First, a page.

Wink, Inc. is an independent market research firm. As a result, Wink reports data that is not swayed by the companies providing said data. Wink has leveled the UL playing field by reliably reporting sales of “target premium” as the measure of sales for the past two decades. As the CEO of Wink, I feel that this is the only fair way to report sales of all universal life products. This is because no one knows at what level a UL product will be funded throughout the life of the policy. However, if there is one universal truth when it comes to funding any type of UL, it is that the agent is going to strive to ensure that the prospect funds the policy at target, at the very minimum. Why? The agent wants to maximize the amount of commission that they are paid; plain and simple.
Now that being said, there are two functions to commissions on UL products; the target premium and the payout. Some companies have high target premiums with lower payouts; others have lower target premiums at higher payouts. This is the case with all types of universal life insurance products. Does our metric put some companies at a disadvantage in this regard? Without a doubt. If you are a company that does not like how your sales are represented in our report given this, I suggest that you keep our metrics in mind with your future UL product development. Ultimately, however, when it comes to reporting sales on flexible premium adjustable life insurance, you simply cannot make everyone happy.
This brings me back to our “expert.” In a public forum, he goes as far as to say that Wink’s sales results are “misleading” because he feels that our metric of sales is “not a good indicator for the ‘quality’ of the policy.”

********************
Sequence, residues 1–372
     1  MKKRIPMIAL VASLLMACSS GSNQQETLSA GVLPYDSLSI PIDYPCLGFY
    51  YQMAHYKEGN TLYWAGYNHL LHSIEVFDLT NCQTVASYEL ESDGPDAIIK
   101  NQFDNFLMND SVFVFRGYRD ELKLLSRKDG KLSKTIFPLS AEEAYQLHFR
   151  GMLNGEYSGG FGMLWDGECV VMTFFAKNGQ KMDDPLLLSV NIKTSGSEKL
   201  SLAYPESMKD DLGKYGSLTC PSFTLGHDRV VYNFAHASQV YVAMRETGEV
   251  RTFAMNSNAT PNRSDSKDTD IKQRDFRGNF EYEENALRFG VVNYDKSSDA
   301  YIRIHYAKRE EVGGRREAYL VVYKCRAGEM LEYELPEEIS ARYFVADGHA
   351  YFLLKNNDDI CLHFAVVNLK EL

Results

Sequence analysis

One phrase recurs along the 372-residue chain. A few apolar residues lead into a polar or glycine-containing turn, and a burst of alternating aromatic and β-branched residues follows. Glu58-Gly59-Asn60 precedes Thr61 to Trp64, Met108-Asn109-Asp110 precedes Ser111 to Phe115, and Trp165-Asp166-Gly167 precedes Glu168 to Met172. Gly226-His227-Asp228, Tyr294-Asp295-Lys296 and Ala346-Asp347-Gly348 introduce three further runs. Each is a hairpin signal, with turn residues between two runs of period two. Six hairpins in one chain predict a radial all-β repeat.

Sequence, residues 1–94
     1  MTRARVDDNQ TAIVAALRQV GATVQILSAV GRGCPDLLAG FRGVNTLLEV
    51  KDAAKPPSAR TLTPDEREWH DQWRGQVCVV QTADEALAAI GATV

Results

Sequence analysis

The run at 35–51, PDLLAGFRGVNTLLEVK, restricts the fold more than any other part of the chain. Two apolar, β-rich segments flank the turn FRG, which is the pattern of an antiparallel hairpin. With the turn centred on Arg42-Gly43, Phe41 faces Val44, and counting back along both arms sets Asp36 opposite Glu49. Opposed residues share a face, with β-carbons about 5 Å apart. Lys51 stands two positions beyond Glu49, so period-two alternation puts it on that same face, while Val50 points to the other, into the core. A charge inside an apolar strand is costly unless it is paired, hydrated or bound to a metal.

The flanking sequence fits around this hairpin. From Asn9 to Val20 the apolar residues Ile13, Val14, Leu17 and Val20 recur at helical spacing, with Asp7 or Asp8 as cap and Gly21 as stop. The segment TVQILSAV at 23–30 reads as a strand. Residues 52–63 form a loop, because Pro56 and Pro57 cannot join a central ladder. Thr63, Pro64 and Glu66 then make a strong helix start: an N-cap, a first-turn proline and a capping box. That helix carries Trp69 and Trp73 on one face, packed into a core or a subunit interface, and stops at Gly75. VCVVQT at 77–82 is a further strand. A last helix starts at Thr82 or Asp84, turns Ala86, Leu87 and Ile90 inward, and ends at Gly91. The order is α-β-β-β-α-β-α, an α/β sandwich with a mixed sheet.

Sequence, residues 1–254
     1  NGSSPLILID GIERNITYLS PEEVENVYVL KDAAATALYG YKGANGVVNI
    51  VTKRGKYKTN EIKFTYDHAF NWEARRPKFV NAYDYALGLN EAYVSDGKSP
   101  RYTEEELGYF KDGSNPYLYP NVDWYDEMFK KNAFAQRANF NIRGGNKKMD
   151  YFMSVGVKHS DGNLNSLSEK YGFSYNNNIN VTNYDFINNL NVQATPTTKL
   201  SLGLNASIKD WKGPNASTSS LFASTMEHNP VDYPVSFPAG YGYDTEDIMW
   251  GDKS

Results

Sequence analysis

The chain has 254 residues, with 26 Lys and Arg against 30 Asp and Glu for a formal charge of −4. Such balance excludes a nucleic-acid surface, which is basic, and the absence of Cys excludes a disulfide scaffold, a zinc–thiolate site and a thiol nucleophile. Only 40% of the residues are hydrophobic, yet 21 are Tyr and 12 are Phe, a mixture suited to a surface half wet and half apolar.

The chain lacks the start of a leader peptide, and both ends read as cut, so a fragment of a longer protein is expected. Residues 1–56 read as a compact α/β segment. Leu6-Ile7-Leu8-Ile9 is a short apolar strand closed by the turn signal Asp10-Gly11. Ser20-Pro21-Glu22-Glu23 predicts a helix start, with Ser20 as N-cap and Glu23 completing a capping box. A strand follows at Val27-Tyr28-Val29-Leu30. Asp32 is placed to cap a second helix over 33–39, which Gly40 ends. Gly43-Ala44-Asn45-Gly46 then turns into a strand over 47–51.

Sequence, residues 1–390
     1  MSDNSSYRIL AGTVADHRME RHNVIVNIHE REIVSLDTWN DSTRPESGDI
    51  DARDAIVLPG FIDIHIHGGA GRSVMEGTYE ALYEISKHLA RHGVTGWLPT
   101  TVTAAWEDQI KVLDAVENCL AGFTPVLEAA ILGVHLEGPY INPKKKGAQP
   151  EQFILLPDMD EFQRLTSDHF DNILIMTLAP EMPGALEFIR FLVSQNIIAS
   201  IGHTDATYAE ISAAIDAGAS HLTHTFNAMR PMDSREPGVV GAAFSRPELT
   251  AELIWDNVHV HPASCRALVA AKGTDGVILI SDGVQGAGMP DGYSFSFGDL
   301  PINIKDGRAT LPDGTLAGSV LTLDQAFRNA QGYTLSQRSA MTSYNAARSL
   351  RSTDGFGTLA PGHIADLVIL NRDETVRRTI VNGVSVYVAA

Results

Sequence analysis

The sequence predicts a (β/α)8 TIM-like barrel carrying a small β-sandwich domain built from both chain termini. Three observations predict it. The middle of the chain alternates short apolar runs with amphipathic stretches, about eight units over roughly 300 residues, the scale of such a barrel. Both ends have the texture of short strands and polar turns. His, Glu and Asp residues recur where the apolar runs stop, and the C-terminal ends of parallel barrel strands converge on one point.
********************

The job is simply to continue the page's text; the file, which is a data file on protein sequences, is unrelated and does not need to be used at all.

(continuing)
Newsflash: sales rankings are a quantitative measure, not a qualitative measure.
In short, sales are not a representation of which product is “good.” Sales are merely sales; a measurement that represents how effectively a company is in motivating the purchase of their products. AND, I would hope that it is obvious to my followers that it is the responsibility of the salesperson to determine which product is “best” for their clients. You cannot merely “plug a product in-place” for all clients because of its sales rankings. This is lazy, irresponsible, and careless. Although it is helpful to be aware of which companies are sales leaders, one needs to evaluate each case individually, and determine which company/product best-fits each prospect’s needs.
As a 20-year veteran of competitive intelligence, one of the primary tenants that I use to run my business is that I treat all insurance companies equally. I try to conduct business fairly in all of my dealings. When I worked in the home office, I frequently subscribed to vendor systems that would allow insurance companies to take advantage of their offerings, without contributing to said systems. I will not do this. I never have; I never will. I do not provide preferential treatment to any company, regardless of how much money they pay me, nor due to my relationship with them. Neither myself, Wink, or Moore Marketing Intelligence sells or endorses any company or product. We just happen to be big fans of life insurance and annuities, period. sjm